I agree that ‘they’ seems clunky only because it’s seems to imply plural, but that’s not to say I wouldn’t use it! I know I substitute ‘they’ in writing where the gender might be unknown, rather than the clunky ‘he/she’.
I agree with the washroom/bathrooms idea. I don’t get how when all us women sashay into stalls, that it matters the gender of the person in the adjoining stall! Men at home almost universally have the normal toliet, and they manage without urinals. So there you go – do away with urinals! I did see some toliets in France that were ‘unisex’ and it resulted in me seeing some bare bottoms at the urinals when I went in for a stall – a new experience, but not enough to stop me using the facilities when I needed them!
Maybe I said that wrong – if someone is androgynous-looking, it’s best to avoid any gender pronouns at all. If you get to know someone, they will tell you. I wish we did have a singular word better than “they,” but so far, no luck on that! I have not experienced a gender-neutral washroom with multiple stalls; I doubt there would be much support for that in North America, mainly because it can be scary for women (and trans people) to be semi-naked so near a male stranger in an enclosed place. Maybe someday male violence against women and trans people will end, but we are not there yet!
So informative.Thank you.
Thank you for sharing your personal story. You have given such a sensitive and thoughtful discussion.
I don’t knowingly know any gender queer or gender variant people. By that I mean I may know some but not e aware they are. Also, as I work in education, I have probably taught those who are but not ready or able or aware to be public.
I can understand the gender social construct and not identifying with any socially constructed view of gender. But I wince at the thought of cutting parts of my body because of a social construct. Could I be masculine with breasts? Or feminine without? (And I wince at surgery to enhance certain body parts to fill a social construct of beauty too – like breast enhancement.) You are a very loving mother. I don’t know how I would initially feel if my boys, my beautiful boys, wanted to change to be girls or not boys/not girls.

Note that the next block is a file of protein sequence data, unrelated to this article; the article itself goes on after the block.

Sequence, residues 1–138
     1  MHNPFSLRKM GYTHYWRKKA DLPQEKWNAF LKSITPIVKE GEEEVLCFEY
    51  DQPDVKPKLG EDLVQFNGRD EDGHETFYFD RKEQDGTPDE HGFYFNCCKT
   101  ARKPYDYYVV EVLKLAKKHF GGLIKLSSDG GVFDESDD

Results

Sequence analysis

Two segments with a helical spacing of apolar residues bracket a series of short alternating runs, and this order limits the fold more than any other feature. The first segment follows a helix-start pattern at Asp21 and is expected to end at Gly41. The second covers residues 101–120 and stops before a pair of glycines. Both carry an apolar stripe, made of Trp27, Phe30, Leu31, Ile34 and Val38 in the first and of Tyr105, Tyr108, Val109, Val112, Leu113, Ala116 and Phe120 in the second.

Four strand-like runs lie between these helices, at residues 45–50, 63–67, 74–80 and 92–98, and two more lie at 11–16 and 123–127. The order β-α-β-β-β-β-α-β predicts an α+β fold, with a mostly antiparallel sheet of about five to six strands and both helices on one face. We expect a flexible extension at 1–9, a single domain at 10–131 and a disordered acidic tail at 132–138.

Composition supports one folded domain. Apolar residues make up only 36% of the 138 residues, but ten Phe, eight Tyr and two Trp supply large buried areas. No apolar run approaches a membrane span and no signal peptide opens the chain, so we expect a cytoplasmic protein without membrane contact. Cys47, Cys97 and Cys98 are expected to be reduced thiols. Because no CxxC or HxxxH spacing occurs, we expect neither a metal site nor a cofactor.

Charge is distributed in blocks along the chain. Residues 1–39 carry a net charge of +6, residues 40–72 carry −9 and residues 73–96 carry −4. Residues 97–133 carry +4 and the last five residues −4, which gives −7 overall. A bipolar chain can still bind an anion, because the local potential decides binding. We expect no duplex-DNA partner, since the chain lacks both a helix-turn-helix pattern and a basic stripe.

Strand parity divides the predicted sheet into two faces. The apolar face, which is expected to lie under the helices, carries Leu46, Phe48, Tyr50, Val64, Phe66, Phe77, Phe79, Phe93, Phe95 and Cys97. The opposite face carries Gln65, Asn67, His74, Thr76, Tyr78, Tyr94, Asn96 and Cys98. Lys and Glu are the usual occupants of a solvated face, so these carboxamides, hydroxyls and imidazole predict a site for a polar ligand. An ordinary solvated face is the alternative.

As to unisex toilets. I’d love to have male-female toilets at home. I do ban my sons from using my toilet. I find boys, and yes it may be just mine, less fastidious than girls in keeping the toilet clean. Male loos do smell more than female loos!
I have grappled with the surgery idea a lot. In an ideal world, people who appear female could be socially accepted as male and vice versa. Then gender variant people could go through life without surgery if they wished, without social judgment. As it is now, if a biological woman keeps a womanly body and acts male, they are labelled a tomboy, lesbian or butch. Link tried that route as a teenager and did not identify with the lesbian/butch culture. I know there are some strong people who go through life that way, and some who would rather have surgery and hormones but can’t afford it. Link says they would like their body to look like how they see themselves, which is more androgynous. I try not to think of it as cosmetic surgery because it is connected to such deep identity issues. It is easier for me because I know Link’s story and how painful it is for them to inhabit their existing body shape. I think most parents (these days, anyway) come around because they can see how unhappy their kids are.
Thank you so much for this post. I’ve found Link’s comments really helpful and I will share them with my colleagues . ( we’re Police Officers)
Thanks, Leigh-Anne. I find the police in our area are good when dealing with trans people. Maybe they’ve had sensitivity training.
Great post, really interesting to read and hear about different people’s lives. Sounds like you’re very supportive of Link.
Thanks, and yes! It has been a big learning curve for me, too.